Peter Anderson ⚽ Once again, the spectre of racism raised its ugly barnet over the parapet of European football.

And once again FIFA and UEFA have no meaningful or co-ordinated plan to eradicate it. 

England travelled to Hungary for their World Cup qualifier and as predicted the home fans subjected the black England players to monkey chants and other abuse. It was with some pride that I watched Man City's Raheem Sterling score a goal, then run to the corner flag and beam with joy as the chants and bottles rained down on him. His defiance was complete. The best way to stick it up the boo boys is to stuff them on the pitch.

One English newspaper called the racism "absurd but inevitable" as the Hungarians had been banned from having home support for 3 games for a previous show of racism in the stadium during the recent Euro championship. However, the ban came from UEFA and, as the World Cup qualifiers come under the purview of FIFA, the ban did not apply for the England match. Madness! So, the Hungarian FA were able to fill their stadium with 60,000 spectators, many of whom joined in with the racist abuse. Will FIFA now move to punish Hungary hard enough to ensure compliance with its racism rules? I won't hold my breath.

My first encounter with football racism was back in the late 80s when Linfield signed Tony Coly and Sam Kammal. At a game in the Oval the Glen men monkey chanted and threw bananas at them every time they came near. 80s football is thankfully long past, even though some want to return there. For me, that was when I first saw the injustice of racism in football. We need the FIFA and UEFA to stamp it out, but they are all over the shop when it comes to tackling it. 35 years on from the Oval and it is still happening regularly in Eastern Europe.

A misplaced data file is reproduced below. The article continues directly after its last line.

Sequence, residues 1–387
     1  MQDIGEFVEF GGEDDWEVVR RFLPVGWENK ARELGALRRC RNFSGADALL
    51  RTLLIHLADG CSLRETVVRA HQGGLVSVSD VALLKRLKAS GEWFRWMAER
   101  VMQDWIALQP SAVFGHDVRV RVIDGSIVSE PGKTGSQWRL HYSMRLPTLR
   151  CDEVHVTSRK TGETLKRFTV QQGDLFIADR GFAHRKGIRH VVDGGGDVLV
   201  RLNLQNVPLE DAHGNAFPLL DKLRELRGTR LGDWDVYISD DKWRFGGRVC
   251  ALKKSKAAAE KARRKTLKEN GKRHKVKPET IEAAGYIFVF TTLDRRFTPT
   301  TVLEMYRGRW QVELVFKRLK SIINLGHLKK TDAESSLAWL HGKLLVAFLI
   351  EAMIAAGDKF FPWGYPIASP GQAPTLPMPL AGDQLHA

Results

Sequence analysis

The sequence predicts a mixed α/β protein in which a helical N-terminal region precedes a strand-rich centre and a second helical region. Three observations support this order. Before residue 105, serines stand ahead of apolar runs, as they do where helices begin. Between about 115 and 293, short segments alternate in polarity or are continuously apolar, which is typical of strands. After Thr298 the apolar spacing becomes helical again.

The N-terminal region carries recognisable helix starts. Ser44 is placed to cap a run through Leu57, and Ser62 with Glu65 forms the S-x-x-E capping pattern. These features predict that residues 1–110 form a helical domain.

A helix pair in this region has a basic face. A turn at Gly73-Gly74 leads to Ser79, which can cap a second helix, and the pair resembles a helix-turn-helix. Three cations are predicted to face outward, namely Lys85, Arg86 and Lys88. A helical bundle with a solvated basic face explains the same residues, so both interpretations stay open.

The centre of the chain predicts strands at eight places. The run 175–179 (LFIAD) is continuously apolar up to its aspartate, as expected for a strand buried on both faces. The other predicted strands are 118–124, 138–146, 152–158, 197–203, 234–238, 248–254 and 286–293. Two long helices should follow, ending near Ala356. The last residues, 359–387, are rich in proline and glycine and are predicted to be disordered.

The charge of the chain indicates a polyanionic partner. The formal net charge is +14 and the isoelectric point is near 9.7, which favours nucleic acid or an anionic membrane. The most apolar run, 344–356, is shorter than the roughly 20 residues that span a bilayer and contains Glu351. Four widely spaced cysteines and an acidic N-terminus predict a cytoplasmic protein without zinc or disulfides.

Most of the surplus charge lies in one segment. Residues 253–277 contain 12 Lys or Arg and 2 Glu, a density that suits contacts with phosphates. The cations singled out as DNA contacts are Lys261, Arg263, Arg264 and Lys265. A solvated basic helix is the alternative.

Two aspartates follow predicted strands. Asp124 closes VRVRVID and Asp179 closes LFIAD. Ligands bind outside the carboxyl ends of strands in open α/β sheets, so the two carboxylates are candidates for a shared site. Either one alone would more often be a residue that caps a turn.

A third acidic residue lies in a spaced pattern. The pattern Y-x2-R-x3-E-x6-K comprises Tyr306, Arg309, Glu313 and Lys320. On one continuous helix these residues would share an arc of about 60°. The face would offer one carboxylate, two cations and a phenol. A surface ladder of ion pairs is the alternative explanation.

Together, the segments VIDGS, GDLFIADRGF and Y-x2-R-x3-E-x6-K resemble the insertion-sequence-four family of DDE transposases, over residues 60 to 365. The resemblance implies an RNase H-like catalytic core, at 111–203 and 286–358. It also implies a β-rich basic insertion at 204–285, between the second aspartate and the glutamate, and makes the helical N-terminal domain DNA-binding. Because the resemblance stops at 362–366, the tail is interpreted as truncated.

Eight years ago, Yaya Touré was monkey chanted at a game for Man City against CSKA in Moscow. Touré, a speaker of fluent Russian, spoke warmly at the pre match presser about his love of Moscow and still they monkey chanted at him during the game. UEFA's pathetic response was to close one section of the ground for the next ECL game against Bayern Munich. CSKA said this was "an overreaction". Now, 8 years later, we have UEFA banning Hungary for only three games (and not in FIFA games) for spoiling their showcase event with racist attacks on visiting players. 

Why do the authorities seem to soft pedal with Eastern European countries? Fear? Money? FIFA and UEFA could practically stop racism overnight by introducing complete long-term bans for FAs that do not stop racism in their stadiums. Their unwillingness to take the necessary steps is a damning indictment of current chiefs of world football.

Peter Anderson is a Unionist with a keen interest in sports.

Absurd But Inevitable

Peter Anderson ⚽ Once again, the spectre of racism raised its ugly barnet over the parapet of European football.

And once again FIFA and UEFA have no meaningful or co-ordinated plan to eradicate it. 

England travelled to Hungary for their World Cup qualifier and as predicted the home fans subjected the black England players to monkey chants and other abuse. It was with some pride that I watched Man City's Raheem Sterling score a goal, then run to the corner flag and beam with joy as the chants and bottles rained down on him. His defiance was complete. The best way to stick it up the boo boys is to stuff them on the pitch.

One English newspaper called the racism "absurd but inevitable" as the Hungarians had been banned from having home support for 3 games for a previous show of racism in the stadium during the recent Euro championship. However, the ban came from UEFA and, as the World Cup qualifiers come under the purview of FIFA, the ban did not apply for the England match. Madness! So, the Hungarian FA were able to fill their stadium with 60,000 spectators, many of whom joined in with the racist abuse. Will FIFA now move to punish Hungary hard enough to ensure compliance with its racism rules? I won't hold my breath.